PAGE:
The early stages of Bharatanatyam training involve learning the basic steps, called adavus, and movements of the dance. These elements are the building blocks for subsequent, more advanced, sequences of dance. The exercises condition the body for the unique postures of Bharatanatyam. They also develop the student’s sense of rhythm. Students also learn eye movements, which are done in synchronization with body movements in the dance. At this stage, students also learn the names of hand gestures called mudras and hastas, which are an important feature of Bharatanatyam. They comprise the descriptive language of the dance. Students also learn about the history of Bharatanatyam, the musical instruments used, and other related topics.
At the intermediate stage, students learn more advanced adavu steps and complicated patterns of movement. They also learn the names of facial expressions, which are a distinctive feature of Bharatanatyam.
The students begin learning some basic dance compositions. The choreography is simple, and there isn’t much expressive content. Examples of these Margam items are the alarippu and jatiswaram. These items may be performed on stage at cultural shows and annual functions.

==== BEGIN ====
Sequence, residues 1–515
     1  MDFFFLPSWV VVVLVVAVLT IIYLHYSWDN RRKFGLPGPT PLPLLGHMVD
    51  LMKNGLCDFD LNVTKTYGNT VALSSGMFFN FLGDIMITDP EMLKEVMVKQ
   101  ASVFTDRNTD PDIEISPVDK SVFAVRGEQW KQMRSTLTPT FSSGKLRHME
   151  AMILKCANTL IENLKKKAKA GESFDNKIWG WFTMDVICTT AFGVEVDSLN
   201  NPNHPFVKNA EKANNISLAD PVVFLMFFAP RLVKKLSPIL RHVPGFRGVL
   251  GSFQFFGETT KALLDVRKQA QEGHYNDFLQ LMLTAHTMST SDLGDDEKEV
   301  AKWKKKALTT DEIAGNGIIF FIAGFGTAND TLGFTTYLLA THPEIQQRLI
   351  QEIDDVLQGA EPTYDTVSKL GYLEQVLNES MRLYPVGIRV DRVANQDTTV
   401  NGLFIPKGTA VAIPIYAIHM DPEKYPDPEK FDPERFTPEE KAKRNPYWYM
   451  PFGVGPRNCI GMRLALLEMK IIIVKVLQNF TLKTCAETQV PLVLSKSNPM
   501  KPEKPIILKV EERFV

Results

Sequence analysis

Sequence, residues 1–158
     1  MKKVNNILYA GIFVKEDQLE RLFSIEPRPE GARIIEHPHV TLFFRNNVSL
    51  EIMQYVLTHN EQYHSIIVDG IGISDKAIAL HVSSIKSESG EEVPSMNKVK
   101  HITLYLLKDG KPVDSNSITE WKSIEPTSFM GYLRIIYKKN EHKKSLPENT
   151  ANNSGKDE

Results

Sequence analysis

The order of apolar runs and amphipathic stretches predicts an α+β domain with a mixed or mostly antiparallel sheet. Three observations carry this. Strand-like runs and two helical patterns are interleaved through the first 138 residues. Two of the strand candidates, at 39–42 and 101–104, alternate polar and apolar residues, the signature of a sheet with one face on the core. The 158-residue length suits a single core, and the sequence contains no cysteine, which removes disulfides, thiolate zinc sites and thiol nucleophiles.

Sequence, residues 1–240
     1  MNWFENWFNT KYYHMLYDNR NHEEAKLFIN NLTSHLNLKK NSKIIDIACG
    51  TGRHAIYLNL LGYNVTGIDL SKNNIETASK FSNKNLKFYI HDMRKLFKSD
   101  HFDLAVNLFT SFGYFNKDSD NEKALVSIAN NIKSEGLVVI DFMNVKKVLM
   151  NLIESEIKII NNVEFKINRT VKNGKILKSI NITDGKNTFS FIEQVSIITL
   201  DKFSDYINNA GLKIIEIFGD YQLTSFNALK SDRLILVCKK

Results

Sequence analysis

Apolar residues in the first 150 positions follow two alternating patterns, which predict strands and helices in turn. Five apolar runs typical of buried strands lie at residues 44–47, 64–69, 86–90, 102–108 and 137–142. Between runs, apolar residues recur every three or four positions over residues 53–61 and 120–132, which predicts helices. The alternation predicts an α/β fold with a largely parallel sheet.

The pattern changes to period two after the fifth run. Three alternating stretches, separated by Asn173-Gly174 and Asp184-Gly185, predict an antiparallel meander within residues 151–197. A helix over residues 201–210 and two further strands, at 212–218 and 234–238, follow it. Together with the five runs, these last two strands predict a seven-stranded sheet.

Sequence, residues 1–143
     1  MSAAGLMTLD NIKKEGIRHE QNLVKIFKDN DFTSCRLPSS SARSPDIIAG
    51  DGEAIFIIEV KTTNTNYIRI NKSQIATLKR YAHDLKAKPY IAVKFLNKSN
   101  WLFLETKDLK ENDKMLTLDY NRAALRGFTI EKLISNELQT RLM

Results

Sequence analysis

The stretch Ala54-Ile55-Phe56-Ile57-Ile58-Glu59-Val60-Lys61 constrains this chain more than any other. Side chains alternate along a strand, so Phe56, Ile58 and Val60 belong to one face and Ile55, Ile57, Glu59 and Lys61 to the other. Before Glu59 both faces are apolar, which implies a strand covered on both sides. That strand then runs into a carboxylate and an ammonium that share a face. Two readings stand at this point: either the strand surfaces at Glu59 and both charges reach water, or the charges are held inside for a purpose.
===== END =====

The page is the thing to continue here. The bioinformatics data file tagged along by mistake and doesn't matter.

These students learn the remaining dance compositions that make up the repertoire of a full Bharatanatyam recital. Although they may only learn a single instance of some types of items, the repertoire or Margam covers all the features of the Bharatanatyam dance. It includes rhythmic dance, emotional expression, and a variety of both. The items they practice and perform will include the shabdam, varnam, padam, kirtanam, ashtapadi, javali, thillana, and shlokam.
Advanced students may wish to prepare for and perform a Bharatanatyam arangetram on stage with live musicians to showcase their achievements of perfecting the Margam or dance repertoire to an audience. A diploma of completion is presented to students who present an arangetram on stage.